Sunday, February 06, 2011

Mysteries of old TV

Look, I know that the world is falling to shreds, and that there are a zillion serious events occurring right now which demand our attention. But this blog has not offered a non-political weekend post in a long time, and, well, the piffle you are about to read has been welling up for a while.

We all grew up watching unfunny television sitcoms. We all loved those old shows, back when we were young and could not recognize insipidity even when it was licking our faces like an over-affectionate Havanese with co-dependency issues. I'm talking about old TV, geezer TV, shows that were first seen on screens with round corners and scanlines so wide you could count them from the house next door. TV you watched by candlelight.

Youngsters catching up with those old shows on cable or YouTube must have one question on their minds: Back in the '60s, did anyone actually think that sitcoms like My Three Sons and Petticoat Junction or I Dream of Jeanie or F-Troop were funny?

The answer is: No. We did not laugh. Not even when we were kids.

We sat in front of the screen in granite-like silence, unamused, unsmiling -- yet strangely entranced. We didn't multi-task; we didn't talk amongst ourselves. We just sopped everything up, asking no questions, simply accepting it all the way jump drives accept new files, and we wouldn't finish downloading until the news came on.

During an episode of The Brady Bunch, my trance ended. Pop. Just like that. It was an unsettling experience: The television was on, yet I was not hypnotized. Very disturbing. Maybe (I thought) the set needed repair. That's when I gave up television, adjourned to the local public library and began my lifelong quest to be Smarter Than You.

And now here we are, decades later. I've caught up with some episodes of those old shows on YouTube. Despite being Smarter Than You, many questions remain unanswered.

1. Roy Rogers. This was the most surreal show ever broadcast, and not just because Roy, on horseback, was somehow always able to catch bad guys who drove trucks and cars. The big question is this: What the fuck did Roy Rogers do for a living?

Apparently, he owned some sort of ranch, although I don't recall seeing him do any actual ranch stuff. Dale may have had something to do with a restaurant. Okay, but then...why was he out chasing bad guys? How could someone in the modern age regularly engage in police activity without actually being in law enforcement?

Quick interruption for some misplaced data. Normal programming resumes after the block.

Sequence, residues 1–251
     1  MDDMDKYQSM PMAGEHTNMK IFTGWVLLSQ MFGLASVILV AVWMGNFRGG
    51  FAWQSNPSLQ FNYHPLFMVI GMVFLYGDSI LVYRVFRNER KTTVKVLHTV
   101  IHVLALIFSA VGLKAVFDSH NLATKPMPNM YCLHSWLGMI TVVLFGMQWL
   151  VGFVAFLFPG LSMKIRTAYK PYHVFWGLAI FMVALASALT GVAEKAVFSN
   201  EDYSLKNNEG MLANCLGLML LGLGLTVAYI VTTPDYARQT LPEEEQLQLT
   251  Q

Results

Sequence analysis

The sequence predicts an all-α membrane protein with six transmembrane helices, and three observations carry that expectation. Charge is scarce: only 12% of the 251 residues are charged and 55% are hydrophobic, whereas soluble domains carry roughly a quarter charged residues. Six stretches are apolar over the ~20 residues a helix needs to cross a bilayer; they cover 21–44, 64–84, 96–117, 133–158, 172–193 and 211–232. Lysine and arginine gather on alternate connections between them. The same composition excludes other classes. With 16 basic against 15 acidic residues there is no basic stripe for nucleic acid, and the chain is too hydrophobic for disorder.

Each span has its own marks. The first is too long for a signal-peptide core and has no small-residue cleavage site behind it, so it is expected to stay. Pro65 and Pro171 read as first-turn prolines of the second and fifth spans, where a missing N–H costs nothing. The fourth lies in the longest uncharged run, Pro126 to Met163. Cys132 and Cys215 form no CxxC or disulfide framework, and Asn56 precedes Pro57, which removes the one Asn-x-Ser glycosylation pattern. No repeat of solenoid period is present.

Occasionally, you would see Roy pull a gun on a bad guy. Suppose he had pulled the trigger: Wouldn't he have gone to jail? What right did he have to draw a weapon?

In episode after episode, there would be a scene where we would witness the bad guys planning some evil scheme or other, and one bad guy would say: "Yeah, sure, that takes care of the cops -- but what are we going to do about Rogers?" Jeez, dude, what about Rogers? Why is he even an issue? If he's a Batman-like vigilante, why don't the cops seek to arrest him?

2. Bewitched. The big problem here may have escaped your notice when you were a kid. What's with all the art?

We're talking Rembrandt, Picasso, Modigliani, Grandma Moses. All hanging on the walls of the Stevens residence. The question is: Within the universe of the show, were these supposed to be reproductions or actual paintings?

A go-getting, desperate-to-crawl-into-the-upper-middle-class householder like Darrin ought to start buying original art, so these pictures probably were not prints. (Obviously, they were prints on the set, but I don't think that they were supposed to be prints in terms of the show's reality.) Maybe Sam blinked them onto the walls. If so, would Darrin feel comfortable accepting stolen art? Wouldn't he notice a news story announcing the mysterious theft of Rembrandt's Girl With a Broomstick?

The other big Bewitched question has probably already occurred to you. In episode after episode, Agnes Moorehead pops into the scene in medias res, and it is clear that she has somehow overheard the things that were said before her arrival. So, like, do Samantha and Darrin have any real privacy? If I were Darrin, and if I thought that Agnes Moorehead was watching me at all times, little Tabitha would never have come into being.

3. Lost in Space. Believe it or not, we '60s kids didn't think that Dr. Smith was gay, no matter how many sly hints the writers would toss into the dialogue. Yes, we were that naive. (Seen today, Mark Goddard's sheer disgust with the effeminate Smith is the funniest aspect of the show.)

Yet even at the time, I often wondered: Why does the family allow young Will Robinson to spend so much time alone with Smith?

That was a fair question not because Smith was gay but because -- in the first episodes, at least -- he was evil. A Russian spy, or something of the sort. A cold-blooded killer. Then, somewhere toward the end of the first season, he stopped scheming and started camping.

What the hell? Why does the family trust him? Did they forget all about the really evil stuff he did when the series began?

(Lost in Space and the Jetsons taught us that, in the future, the hot blonde eldest daughter would always be named Judy. And she would get hardly any lines. Oddly enough, in the real 21st century, Judy has become an unpopular name.)

4. The Ghost and Mrs. Muir. This is the show that really bugged me at the time, and it bugs me even more today.

For both the series and the old Gene Tierney movie, the set-up is simple: A woman who is a writer moves into a cottage haunted by the ghost of a sea captain. They can speak to each other freely; eventually, they develop romantic feelings for each other.